Expectations for a success that's not about trophies

April 08, 2001|By Susan Reimer

A friend sent along this thought: "Expectations are resentments in the making," and her message did what it was supposed to do -- it made me think. She was talking about a parent's expectations and the resentments they might engender in a child. My first reaction was, "Of course the kids are resentful. They have this center-of-the-universe thing going on, and the only thing they want to hear from us is our applause."

I thought, I said to her, that we were supposed to have expectations -- high ones at that, and those expectations would form the trellis to which they would cling as they grow.

"We expect you to be honest, kind, to work hard in school, to respect the environment.

"We expect you to hang up the towels and empty the dishwasher, and to contribute to the common good."

Expect, expect. We expect our expectations to be their conscience.

But sometimes parents go too far. We write a script for success. That is when we reap the whirlwind of resentment.

"I was in England recently, and one looks in vain for an auto with a decal in the back window that says 'Oxford.' "

That is Josiah Bunting speaking. He is superintendent of the Virginia Military Institute and the former headmaster at the prestigious Lawrenceville boarding school near Princeton, N.J.

He is a Rhodes Scholar, a retired general and the author of several books, including the just-released "All Loves Excelling."

It describes the tragic results of unrelenting parental ambition on a bright and sensitive young girl. Though this fictional story is extreme, Bunting called upon his experiences with ambitious parents to write it.

"In the United States, the ambitions we have for our children take the form of their achieving recognized trophies," he said from VMI.

"Club memberships, times in racing events, admission to well-known universities. These trophies gratify the ambitions of the parents, but we also believe our children can use them as engines to further their own success."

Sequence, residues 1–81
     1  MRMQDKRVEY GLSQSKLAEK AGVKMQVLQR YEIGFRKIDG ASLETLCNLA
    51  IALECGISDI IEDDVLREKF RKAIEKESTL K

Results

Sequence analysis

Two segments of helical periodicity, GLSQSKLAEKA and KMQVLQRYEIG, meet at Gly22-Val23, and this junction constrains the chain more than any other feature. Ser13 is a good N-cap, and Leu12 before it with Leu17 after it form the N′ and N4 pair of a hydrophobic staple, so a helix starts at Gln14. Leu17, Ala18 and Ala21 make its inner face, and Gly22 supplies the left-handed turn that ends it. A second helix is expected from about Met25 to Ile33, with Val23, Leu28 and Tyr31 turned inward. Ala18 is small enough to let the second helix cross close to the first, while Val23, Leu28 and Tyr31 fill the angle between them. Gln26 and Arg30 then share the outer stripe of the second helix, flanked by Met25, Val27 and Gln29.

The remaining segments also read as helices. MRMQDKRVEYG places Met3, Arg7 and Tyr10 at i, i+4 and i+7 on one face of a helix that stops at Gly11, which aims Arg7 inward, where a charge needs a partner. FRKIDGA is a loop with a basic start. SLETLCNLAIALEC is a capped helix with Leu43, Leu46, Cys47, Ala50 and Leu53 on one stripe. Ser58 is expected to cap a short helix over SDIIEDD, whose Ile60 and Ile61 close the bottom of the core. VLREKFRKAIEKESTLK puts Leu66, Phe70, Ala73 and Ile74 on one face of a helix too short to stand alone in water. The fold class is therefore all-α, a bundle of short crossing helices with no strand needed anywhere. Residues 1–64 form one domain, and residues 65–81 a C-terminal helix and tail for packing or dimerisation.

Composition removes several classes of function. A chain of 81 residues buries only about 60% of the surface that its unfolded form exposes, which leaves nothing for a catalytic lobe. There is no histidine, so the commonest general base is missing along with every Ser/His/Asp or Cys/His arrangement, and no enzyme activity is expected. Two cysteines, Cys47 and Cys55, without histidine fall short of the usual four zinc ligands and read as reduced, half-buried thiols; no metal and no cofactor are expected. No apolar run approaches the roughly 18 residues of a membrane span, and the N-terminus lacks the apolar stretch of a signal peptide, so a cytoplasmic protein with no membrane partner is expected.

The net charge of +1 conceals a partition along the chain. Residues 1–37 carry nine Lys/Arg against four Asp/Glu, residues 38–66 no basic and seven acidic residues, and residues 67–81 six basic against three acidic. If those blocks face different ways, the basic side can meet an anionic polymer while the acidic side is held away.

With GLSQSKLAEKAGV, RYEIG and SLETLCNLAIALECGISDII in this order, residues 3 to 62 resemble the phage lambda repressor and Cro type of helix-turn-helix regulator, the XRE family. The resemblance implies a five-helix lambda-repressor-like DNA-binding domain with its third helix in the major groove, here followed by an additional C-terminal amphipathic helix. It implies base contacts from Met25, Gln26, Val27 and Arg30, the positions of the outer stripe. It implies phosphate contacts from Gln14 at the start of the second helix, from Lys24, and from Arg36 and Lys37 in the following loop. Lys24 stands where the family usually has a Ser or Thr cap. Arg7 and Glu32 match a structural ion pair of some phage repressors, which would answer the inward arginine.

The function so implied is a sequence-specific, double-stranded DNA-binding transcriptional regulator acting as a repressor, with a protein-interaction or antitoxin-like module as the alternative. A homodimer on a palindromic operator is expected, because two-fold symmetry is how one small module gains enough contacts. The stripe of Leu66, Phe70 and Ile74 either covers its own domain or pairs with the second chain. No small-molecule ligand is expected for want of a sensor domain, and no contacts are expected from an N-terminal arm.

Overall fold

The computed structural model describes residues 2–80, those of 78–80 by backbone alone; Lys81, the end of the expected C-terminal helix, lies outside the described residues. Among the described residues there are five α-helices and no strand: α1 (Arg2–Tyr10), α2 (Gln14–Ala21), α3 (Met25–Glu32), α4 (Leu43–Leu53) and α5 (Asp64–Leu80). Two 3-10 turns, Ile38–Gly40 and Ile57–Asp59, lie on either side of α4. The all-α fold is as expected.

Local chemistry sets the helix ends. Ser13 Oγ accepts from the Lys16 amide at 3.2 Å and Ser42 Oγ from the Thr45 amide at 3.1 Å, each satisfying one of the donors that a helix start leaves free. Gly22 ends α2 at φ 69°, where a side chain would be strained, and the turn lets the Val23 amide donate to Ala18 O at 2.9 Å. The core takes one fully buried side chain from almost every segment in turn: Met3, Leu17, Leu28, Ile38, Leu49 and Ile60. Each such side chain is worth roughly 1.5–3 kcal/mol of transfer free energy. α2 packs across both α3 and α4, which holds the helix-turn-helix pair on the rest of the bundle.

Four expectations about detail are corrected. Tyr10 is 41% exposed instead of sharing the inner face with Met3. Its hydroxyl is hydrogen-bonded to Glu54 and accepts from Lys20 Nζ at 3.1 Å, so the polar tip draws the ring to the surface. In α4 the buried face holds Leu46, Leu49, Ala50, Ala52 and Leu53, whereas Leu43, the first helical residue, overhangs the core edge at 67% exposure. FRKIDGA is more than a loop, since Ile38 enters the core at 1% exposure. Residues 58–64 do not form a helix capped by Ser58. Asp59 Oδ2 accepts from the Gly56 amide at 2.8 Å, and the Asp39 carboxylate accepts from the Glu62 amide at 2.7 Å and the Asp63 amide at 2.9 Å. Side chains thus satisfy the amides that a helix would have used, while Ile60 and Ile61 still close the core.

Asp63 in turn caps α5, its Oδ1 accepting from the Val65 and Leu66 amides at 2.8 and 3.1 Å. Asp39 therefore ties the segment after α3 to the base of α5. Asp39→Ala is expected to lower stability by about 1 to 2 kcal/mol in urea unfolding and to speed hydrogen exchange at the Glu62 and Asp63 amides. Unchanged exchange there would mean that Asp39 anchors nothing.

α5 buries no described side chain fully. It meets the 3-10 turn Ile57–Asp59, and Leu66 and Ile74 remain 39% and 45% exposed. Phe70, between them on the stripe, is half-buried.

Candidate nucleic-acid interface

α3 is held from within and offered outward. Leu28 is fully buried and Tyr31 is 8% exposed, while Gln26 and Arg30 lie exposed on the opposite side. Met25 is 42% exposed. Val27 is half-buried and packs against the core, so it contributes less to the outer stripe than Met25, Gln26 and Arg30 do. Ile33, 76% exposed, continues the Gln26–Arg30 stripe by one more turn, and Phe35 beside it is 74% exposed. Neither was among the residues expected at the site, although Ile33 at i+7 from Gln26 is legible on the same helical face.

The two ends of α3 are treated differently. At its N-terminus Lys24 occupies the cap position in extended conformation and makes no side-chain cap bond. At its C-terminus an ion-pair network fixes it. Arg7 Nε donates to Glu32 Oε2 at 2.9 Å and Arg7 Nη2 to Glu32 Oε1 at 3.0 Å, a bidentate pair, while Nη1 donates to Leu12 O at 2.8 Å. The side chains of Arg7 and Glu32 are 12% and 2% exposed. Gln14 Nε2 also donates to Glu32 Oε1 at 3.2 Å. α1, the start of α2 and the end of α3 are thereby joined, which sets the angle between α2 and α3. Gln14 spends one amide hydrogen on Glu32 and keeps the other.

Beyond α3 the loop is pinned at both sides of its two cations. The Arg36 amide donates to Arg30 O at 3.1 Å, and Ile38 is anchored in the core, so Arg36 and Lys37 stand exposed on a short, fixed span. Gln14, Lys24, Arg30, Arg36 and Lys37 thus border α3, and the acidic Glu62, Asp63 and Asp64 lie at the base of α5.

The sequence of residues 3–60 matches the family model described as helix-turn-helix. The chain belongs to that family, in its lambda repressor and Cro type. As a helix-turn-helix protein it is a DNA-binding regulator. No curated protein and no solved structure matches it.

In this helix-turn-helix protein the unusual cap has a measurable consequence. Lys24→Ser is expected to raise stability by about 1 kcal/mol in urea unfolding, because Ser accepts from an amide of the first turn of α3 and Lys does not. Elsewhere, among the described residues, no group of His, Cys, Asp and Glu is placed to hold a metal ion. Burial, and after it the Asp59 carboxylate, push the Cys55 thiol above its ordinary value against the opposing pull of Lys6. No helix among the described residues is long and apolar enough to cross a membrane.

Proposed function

No longer do we hope that our children will grow up to be good people, settled and happy, but rather that they will attain a set of recognizable trophies.

"And that their satisfaction will come from that," he said.

"It is like the light at the end of the dock in 'The Great Gatsby,' this American pursuit of the constantly receding dream.

"We can't quite express what that dream is, so we will give it a name: attendance at a prestigious university."

This impulse comes from a good place; we want the best for our children. But it is our definition of "best." We think our children are too young to know what they need.

"We are fearful, and we are looking to solidify our children's futures, to make them more secure, by connecting them to things that look powerful, enduring and lasting," Bunting said. "What could more powerful, enduring and lasting than Harvard?"

Add to this burdensome agenda the basic miscommunication between parent and child.

We say, "We want you to work hard." But they hear, "We will love you more if you succeed."

They are not hearing what we think we are saying -- if they are listening to us at all -- but they might understand if we can show them what we mean.

Bunting suggests that rather than lecture our children with our formula for a successful and happy life, we extol the examples set by people who are fulfilled, happy, centered and honorable, but who are not president, a professional athlete or making a killing on an Internet start-up.

"Point out to your children people who make a lifelong commitment to something, who take obvious pleasure in doing things well which aren't recognized."

In other words, people who are the picture of success.

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